From the imagination of playwright Katori Hall and into the hands of director Jasmine Guy comes The Mountaintop - the latest offering of True Colors Theatre Company. Now playing at Southwest Arts Center through December 16, the play is a captivating envisage of the night before Dr. Martin Luther King’s assassination. After delivering one of his most famous speeches, King returns to the Lorraine Motel in Memphis, Tennessee. In the privacy of his hotel room, King’s iconic public persona takes a back seat and he is seen as a human being with flaws amid his greatness.
The play is creative and bold, turning some idealistic notions of King and even some perceptions of God upside down. I wasn’t ready for a King who drank or smoke, and I wanted to close my eyes at the slightest hint of any of his indiscretions with women. While play isn't controversial like Ralph D. Abernathy’s 1989 autobiography And the Walls Came Tumbling Down, watching a public depiction of King that is other than damn near perfect feels almost sacrilegious. However, Hall manages to contemplate King’s human-ness and private life without assassinating his character.
Though the play is inspired by some truths, it is a fictional account. Knowing that only makes me want to know the real story of the night before King was killed. I also want to know what his actual conversational voice sounded like. I want to know what the early edition April 4, 1968 newspapers said about him and about the speeches he had been preparing.
At the play I looked around and wondered if any members of the King family had seen it. I thought about how they might feel seeing or hearing about the play. My guess is that it would not be easy. Unlike most common depictions of King, this imagining is very personal. It is different than seeing King march or speak from behind a podium. There is no sanctuary in seeing personal effects such as cigarettes and a suitcase. There is a real feel to hearing a phone call to "Corrie", a flushing the toilet, mention of King's stinking feet. Yet, to imagine something of King that says of him personally, “I AM a Man” and to hear the question “So if you were me, what would you do” makes this play compelling.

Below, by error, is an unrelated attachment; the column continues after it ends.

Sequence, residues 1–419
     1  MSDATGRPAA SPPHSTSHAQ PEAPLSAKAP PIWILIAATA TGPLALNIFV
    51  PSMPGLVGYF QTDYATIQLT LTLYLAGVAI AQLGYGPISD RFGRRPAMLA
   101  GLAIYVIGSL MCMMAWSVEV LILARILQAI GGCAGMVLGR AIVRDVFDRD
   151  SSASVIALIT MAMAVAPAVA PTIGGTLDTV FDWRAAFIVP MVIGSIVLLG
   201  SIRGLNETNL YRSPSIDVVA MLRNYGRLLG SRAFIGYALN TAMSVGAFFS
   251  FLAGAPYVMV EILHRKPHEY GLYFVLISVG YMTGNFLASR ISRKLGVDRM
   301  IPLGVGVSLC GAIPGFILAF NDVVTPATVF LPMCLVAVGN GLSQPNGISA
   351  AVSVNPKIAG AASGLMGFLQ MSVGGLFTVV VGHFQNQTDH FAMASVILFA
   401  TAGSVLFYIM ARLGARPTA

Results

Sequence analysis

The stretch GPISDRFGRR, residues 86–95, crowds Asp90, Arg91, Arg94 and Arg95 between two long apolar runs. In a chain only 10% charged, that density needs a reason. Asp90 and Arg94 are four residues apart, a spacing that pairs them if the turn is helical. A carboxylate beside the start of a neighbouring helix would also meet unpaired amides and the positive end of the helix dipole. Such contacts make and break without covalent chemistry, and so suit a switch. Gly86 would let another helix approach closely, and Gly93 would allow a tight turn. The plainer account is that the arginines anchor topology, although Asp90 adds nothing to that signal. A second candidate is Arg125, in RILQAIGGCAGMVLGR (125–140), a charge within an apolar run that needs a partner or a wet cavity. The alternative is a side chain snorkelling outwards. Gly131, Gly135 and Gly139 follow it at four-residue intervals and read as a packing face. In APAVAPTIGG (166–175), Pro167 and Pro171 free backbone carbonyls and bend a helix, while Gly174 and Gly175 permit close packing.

In her role of the Camae, award-winning actress Demetria McKinney was outstanding and impressive. She was true-to-form in delivering the stuff of which awards are made. Starring alongside the Kingian character she held her own, brilliantly fusing Camae’s humor, rawness, and consciousness.
The only thing detracting terribly from the play is the depiction of King’s everyday manner of speaking. Though there is no question that Danny Johnson has what it takes for such a role, he fails to capture how King – an articulate Morehouse Man and outstanding orator - must have sounded when he was not speaking or preaching. Contrasted with his otherwise excellent acting, Johnson’s depiction of King’s voice sounds like a annoying caricature. In fact, when King first spoke in the play, I honestly thought it was an intended joke and I almost laughed. The same imitation stole effective realism from an otherwise well-executed portrayal. Finally, the ill-placed voice depiction finds its true placement and power as the play ends. Still, the play achieves well King’s contemplation of his destiny and what legacy he will leave.
The Mountaintop doesn’t end predictably with a felled drum major. Instead, it concludes with a greater imagining.